Articles | Volume 8, issue 3
Model experiment description paper
24 Mar 2015
Model experiment description paper |  | 24 Mar 2015

Efficient performance of the Met Office Unified Model v8.2 on Intel Xeon partially used nodes

I. Bermous and P. Steinle

Abstract. The atmospheric Unified Model (UM) developed at the UK Met Office is used for weather and climate prediction by forecast teams at a number of international meteorological centres and research institutes on a wide variety of hardware and software environments. Over its 25 year history the UM sources have been optimised for better application performance on a number of High Performance Computing (HPC) systems including NEC SX vector architecture systems and recently the IBM Power6/Power7 platforms. Understanding the influence of the compiler flags, Message Passing Interface (MPI) libraries and run configurations is crucial to achieving the shortest elapsed times for a UM application on any particular HPC system. These aspects are very important for applications that must run within operational time frames. Driving the current study is the HPC industry trend since 1980 for processor arithmetic performance to increase at a faster rate than memory bandwidth. This gap has been growing especially fast for multicore processors in the past 10 years and it can have significant implication for the performance and performance scaling of memory bandwidth intensive applications, such as the UM. Analysis of partially used nodes on Intel Xeon clusters is provided in this paper for short- and medium-range weather forecasting systems using global and limited-area configurations. It is shown that on the Intel Xeon-based clusters the fastest elapsed times and the most efficient system usage can be achieved using partially committed nodes.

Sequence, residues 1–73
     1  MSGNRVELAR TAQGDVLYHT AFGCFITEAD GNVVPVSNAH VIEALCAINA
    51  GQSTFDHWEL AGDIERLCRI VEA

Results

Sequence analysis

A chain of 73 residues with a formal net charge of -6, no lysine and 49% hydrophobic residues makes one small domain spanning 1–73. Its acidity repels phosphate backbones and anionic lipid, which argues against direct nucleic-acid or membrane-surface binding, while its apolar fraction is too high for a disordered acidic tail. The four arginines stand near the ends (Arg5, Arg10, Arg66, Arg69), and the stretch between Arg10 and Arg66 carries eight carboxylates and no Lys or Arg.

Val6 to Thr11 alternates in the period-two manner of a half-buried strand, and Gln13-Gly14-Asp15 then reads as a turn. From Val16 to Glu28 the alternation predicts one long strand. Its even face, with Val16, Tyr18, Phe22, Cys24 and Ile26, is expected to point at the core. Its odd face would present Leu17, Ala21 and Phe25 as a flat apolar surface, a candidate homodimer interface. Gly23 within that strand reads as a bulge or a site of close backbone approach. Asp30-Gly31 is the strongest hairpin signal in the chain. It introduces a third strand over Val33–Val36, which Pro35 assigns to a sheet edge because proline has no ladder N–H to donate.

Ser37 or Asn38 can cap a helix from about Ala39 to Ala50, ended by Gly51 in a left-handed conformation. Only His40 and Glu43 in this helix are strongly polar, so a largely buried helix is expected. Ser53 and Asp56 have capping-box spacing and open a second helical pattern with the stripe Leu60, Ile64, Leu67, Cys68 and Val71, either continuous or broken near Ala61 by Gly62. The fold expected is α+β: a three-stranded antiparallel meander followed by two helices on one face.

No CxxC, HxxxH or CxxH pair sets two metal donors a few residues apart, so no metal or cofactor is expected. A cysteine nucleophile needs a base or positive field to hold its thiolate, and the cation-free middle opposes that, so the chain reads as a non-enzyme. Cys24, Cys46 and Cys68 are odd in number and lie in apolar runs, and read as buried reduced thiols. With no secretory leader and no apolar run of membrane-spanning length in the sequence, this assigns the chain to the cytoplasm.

Short summary
The trend in High Performance Computing (HPC) is for less memory bandwidth relative to the computational power of each core. With each CPU having multiple cores, the best way of using HPC systems is not always straightforward. For some time critical applications, shorter run times can be obtained by using only some of the cores per CPU and keeping the others idle. A number of factors are required to consider, but this provides a simple technique for a significant gain in the application speed.